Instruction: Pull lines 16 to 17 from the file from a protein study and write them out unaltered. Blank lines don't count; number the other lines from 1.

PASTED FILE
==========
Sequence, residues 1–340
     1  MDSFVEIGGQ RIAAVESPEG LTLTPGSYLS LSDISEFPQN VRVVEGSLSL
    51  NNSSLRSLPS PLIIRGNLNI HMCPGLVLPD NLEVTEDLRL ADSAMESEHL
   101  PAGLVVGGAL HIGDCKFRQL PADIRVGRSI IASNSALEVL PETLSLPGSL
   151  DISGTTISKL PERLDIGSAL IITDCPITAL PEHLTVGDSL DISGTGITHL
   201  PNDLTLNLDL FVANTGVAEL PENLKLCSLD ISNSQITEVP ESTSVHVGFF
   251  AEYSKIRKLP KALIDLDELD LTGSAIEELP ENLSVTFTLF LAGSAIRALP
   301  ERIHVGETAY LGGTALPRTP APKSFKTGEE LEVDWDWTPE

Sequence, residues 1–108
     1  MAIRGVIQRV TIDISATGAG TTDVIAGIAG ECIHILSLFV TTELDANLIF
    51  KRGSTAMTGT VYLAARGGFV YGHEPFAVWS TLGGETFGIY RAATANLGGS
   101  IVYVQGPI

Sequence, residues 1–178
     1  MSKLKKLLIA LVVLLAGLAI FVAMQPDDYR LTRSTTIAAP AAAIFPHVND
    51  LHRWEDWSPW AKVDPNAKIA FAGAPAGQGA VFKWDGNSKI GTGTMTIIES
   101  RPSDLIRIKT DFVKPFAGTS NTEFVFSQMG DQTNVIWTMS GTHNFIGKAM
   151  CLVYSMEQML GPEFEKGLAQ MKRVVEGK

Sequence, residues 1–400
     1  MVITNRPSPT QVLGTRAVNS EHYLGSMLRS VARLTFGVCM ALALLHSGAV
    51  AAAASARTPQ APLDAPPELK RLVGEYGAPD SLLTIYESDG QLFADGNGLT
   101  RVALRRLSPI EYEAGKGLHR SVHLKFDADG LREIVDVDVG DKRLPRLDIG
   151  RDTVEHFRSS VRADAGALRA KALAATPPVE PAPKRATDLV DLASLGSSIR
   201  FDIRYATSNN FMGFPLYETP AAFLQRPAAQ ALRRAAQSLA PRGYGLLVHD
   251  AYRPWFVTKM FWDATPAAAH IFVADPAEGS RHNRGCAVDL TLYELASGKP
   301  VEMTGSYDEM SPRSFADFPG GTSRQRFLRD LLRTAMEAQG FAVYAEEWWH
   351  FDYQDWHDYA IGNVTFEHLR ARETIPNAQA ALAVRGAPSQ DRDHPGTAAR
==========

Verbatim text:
   101  RPSDLIRIKT DFVKPFAGTS NTEFVFSQMG DQTNVIWTMS GTHNFIGKAM
   151  CLVYSMEQML GPEFEKGLAQ MKRVVEGK